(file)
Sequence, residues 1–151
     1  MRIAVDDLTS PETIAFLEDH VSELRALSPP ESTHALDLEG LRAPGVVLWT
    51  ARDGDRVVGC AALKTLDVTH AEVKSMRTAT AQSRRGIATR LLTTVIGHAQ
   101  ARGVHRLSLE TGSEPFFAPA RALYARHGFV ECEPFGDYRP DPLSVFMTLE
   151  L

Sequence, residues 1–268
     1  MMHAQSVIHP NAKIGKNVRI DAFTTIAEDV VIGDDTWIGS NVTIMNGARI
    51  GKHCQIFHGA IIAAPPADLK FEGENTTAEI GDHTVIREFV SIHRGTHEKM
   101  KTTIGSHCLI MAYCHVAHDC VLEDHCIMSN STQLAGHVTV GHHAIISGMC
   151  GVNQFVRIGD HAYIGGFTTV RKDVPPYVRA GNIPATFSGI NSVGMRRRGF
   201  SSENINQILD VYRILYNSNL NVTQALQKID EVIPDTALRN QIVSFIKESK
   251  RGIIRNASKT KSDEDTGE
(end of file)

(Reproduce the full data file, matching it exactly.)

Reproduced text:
Sequence, residues 1–151
     1  MRIAVDDLTS PETIAFLEDH VSELRALSPP ESTHALDLEG LRAPGVVLWT
    51  ARDGDRVVGC AALKTLDVTH AEVKSMRTAT AQSRRGIATR LLTTVIGHAQ
   101  ARGVHRLSLE TGSEPFFAPA RALYARHGFV ECEPFGDYRP DPLSVFMTLE
   151  L

Sequence, residues 1–268
     1  MMHAQSVIHP NAKIGKNVRI DAFTTIAEDV VIGDDTWIGS NVTIMNGARI
    51  GKHCQIFHGA IIAAPPADLK FEGENTTAEI GDHTVIREFV SIHRGTHEKM
   101  KTTIGSHCLI MAYCHVAHDC VLEDHCIMSN STQLAGHVTV GHHAIISGMC
   151  GVNQFVRIGD HAYIGGFTTV RKDVPPYVRA GNIPATFSGI NSVGMRRRGF
   201  SSENINQILD VYRILYNSNL NVTQALQKID EVIPDTALRN QIVSFIKESK
   251  RGIIRNASKT KSDEDTGE